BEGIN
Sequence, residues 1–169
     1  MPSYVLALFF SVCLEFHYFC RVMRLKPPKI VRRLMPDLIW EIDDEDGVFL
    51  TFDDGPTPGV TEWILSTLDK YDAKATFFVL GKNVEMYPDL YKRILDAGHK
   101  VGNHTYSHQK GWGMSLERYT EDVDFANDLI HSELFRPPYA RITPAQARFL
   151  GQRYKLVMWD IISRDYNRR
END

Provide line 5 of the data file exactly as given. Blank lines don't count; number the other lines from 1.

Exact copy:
   151  GQRYKLVMWD IISRDYNRR